GM has joined with John Deere in asking the government to confirm that you literally cannot own your car because of the software in its engine.
Like Deere, GM wants to stop the Copyright Office from granting an exemption to the Digital Millennium Copyright Act that would allow you to jailbreak the code in your car's engine so that you can take it to a non-GM mechanic for service, or fix it yourself. By controlling who can service your car, GM can force you to buy only official, expensive parts, protecting its bottom line.
As Consumerist quips, GM wants you to know that the car in the driveway is "literally not your father's Oldsmobile."
GM’s claim is all about copyright and software code, and it’s the same claim John Deere is making about their tractors. The TL;DR version of the argument goes something like this:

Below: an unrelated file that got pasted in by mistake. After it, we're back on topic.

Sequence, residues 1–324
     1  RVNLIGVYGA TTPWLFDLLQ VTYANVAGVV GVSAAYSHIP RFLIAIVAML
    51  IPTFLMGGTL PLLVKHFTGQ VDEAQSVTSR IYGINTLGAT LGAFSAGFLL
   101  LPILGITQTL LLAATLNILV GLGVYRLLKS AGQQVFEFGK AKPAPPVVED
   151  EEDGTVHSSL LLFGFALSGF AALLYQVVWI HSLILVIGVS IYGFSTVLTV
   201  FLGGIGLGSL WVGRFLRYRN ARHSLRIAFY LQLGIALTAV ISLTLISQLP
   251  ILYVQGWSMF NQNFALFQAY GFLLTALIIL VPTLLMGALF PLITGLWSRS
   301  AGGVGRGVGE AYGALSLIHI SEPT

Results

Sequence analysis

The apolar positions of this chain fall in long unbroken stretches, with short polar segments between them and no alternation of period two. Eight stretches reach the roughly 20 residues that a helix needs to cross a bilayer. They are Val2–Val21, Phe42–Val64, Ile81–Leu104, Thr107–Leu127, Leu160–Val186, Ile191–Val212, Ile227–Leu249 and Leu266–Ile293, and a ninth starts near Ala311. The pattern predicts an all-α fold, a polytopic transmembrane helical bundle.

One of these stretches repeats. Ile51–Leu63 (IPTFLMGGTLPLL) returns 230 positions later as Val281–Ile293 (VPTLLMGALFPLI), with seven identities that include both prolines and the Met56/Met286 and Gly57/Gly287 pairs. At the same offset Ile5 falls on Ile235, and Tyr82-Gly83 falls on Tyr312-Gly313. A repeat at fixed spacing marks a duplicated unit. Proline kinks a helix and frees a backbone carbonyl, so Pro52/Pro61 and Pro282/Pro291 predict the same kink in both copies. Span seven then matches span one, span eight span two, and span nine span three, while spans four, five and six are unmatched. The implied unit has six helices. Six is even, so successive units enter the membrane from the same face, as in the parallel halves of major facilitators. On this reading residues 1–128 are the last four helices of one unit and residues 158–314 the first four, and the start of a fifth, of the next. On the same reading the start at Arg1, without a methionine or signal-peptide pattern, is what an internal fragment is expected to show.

Cars work because software tells all the parts how to operate
The software that tells all the parts to operate is customized code
That code is subject to copyright
GM owns the copyright on that code and that software
A modern car cannot run without that software; it is integral to all systems
Therefore, the purchase or use of that car is a licensing agreement
And since it is subject to a licensing agreement, GM is the owner and can allow/disallow certain uses or access.
GM: That Car You Bought? We’re Really The Ones Who Own It. [Kate Cox/Consumerist]
(Image: A.P. Giannini,
Eric E Castro, CC-BY)
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